The only thing that I ever thought would frighten me during one of my most tranquil of dog walking trails was the odd Capercaillie. Until yesterday.
My friend Claire and I took our dogs for a good two and a half hour hike in the autumnal mist around Glen Tanar, the largest surviving remnant of Caledonian Scots pine forest on the south side of the Cairngorms. Nestling in the heart of Royal Deeside near Aboyne, Glen Tanar covers around 25,000 acres and is a magnificent and majestic wilderness. I have walked it many times on my own with my dogs and have always felt a particular serenity in the undisturbed landscape … and have always felt safe and at ease.
Around two-thirds of the way around yesterday, a little way past the Knockie viewpoint, Dinah, my Golden retriever began barking fearfully down towards the heather to our left. There was nothing to be seen or heard, the ferns and heather weren’t moving which is usually an indication of some creature scurrying away through the undergrowth yet we couldn’t console Dinah. She continued to bark – ears back, tail down – whilst backing up to the opposite side of the track. The other dogs ran ahead and as Claire and I passed the spot which was causing Dinah so much unease she ran past me on the far side and away from the spot. We stopped and scoured the area for any sign of activity but could see nothing. A little unsettled and bewildered, we turned to continue on. As we did so, something to the right caught my eye. Something I had never noticed before.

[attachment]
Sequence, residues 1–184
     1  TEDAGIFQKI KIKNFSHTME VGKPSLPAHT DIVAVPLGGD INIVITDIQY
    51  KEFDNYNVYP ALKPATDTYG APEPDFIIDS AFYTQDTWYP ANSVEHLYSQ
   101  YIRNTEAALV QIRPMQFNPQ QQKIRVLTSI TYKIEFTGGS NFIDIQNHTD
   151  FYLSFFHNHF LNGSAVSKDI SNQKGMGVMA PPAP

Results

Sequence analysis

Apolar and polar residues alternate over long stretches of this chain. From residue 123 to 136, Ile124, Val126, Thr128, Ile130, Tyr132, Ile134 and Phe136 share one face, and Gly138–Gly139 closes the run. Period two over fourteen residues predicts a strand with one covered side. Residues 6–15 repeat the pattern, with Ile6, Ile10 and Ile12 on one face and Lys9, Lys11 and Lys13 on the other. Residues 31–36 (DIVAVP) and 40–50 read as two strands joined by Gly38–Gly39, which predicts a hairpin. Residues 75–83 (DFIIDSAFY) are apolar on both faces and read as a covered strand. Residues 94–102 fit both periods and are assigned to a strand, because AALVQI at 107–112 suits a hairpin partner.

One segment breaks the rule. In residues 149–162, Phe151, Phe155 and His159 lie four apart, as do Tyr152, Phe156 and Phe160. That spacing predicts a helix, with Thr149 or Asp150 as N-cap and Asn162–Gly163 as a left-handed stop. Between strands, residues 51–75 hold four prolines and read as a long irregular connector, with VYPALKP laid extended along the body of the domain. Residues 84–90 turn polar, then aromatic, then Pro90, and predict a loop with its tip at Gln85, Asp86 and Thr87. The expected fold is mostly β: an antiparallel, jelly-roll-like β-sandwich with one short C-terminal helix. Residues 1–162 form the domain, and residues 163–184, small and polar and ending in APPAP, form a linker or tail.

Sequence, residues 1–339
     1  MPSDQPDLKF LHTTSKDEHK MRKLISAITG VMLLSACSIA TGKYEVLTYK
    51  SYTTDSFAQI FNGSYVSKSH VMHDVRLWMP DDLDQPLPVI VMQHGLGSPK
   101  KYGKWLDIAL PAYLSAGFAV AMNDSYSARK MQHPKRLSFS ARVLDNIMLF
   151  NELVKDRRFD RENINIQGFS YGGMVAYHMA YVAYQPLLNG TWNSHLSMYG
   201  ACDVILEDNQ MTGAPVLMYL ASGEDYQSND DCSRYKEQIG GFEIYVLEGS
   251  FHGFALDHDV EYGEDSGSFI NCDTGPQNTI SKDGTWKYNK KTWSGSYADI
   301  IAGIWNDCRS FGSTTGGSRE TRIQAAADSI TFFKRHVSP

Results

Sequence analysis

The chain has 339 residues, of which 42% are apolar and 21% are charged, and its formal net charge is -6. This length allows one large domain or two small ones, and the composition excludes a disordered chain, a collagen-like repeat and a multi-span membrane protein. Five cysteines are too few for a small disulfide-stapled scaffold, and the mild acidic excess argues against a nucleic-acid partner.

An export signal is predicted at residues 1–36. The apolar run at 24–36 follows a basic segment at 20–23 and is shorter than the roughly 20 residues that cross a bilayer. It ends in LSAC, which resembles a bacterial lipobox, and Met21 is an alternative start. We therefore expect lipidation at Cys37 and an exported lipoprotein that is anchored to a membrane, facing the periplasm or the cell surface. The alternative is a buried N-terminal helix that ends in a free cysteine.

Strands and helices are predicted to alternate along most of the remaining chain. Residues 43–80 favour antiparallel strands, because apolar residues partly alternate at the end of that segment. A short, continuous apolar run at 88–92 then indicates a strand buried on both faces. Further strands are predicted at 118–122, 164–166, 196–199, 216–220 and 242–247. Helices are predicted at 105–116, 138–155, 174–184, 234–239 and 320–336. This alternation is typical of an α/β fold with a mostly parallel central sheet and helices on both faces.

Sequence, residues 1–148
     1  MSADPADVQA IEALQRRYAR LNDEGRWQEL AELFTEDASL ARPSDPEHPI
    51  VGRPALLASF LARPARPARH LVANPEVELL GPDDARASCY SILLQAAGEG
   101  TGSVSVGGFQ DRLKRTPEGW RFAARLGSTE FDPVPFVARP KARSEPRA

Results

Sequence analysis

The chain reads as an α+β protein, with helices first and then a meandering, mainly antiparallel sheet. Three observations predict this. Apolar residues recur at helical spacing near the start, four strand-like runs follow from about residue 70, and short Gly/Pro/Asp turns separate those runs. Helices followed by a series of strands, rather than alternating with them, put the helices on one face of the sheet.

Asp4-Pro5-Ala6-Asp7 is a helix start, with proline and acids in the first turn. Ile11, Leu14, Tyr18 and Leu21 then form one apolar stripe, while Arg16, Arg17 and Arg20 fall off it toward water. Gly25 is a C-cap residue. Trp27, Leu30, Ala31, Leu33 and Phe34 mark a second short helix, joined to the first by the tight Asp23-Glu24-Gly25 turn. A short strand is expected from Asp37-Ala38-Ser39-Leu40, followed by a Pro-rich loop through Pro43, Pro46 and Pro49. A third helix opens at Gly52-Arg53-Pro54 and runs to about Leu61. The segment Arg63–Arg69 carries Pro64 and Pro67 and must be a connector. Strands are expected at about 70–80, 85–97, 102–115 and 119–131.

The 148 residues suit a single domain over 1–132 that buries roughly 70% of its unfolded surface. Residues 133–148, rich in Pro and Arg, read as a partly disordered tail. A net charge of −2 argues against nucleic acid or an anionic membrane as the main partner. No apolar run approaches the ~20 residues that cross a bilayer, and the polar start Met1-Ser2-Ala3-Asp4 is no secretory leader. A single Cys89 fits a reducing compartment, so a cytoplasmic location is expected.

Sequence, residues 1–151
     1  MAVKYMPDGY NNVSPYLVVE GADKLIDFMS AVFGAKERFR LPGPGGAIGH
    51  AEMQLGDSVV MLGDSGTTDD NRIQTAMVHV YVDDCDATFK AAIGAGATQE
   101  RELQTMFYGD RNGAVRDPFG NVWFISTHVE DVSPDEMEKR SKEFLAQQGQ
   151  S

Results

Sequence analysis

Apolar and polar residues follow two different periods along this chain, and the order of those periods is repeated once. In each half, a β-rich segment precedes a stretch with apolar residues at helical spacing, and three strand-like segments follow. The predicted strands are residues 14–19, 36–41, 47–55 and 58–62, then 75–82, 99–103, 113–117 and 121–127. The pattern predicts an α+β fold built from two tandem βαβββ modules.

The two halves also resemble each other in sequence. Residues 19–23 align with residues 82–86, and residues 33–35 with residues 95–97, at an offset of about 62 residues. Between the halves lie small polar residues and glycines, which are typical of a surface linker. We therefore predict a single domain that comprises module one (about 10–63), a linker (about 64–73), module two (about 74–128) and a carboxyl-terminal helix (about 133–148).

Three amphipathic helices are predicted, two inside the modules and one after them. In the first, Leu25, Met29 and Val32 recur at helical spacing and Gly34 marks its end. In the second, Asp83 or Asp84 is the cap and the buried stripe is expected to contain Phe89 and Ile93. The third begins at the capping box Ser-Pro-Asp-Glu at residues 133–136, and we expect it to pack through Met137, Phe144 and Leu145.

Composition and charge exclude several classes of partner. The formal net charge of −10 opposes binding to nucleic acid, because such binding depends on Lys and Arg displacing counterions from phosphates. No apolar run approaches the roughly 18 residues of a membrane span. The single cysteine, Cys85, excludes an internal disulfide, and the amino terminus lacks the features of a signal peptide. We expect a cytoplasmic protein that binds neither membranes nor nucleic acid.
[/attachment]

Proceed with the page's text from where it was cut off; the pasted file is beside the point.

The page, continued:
A large, flat stone propped crookedly against the hillside just feet from us. Free from moss, rain marks and other signs of the ravages of time, the stone was strangely pristine which did not sit well with the archaic prose.
Engraved in a crude, gothic style with ‘t’s carved as crosses were the words “lett well alone”.
Startled by the ominous warning, and still a little perturbed by Dinah’s reaction, our strides lengthened and quickened and, although we continued our amiable chattering, both of us found ourselves looking over our shoulders until we were off the hill, out of the pines, on to the more popular track and in sight of the Chapel of St. Lesmo, the mysterious Holy Hermit who lived in Glen Tanar over 1,000 years ago.
‘Lett well alone!’ Is it a simple plea not to disturb some nearby well or mineral spring? Does it imply a weightier, more philosophical caveat not to tamper with tradition? Or was it intended to send us swiftly on our way?
On the one hand I’m anxious to return to the spot to reassure myself that the stone remains, despite me never noticing it before. Perhaps if it’s a bright, sunny day and the light would enhance a photograph.
On the other, I may take a different route. Especially if the hill is again shrouded in mist. It would only impair my already rudimentary photography skills you understand!
I’m sure it will remain a much-loved walk close to my heart, but I’ll never call it a favourite ‘haunt’ again.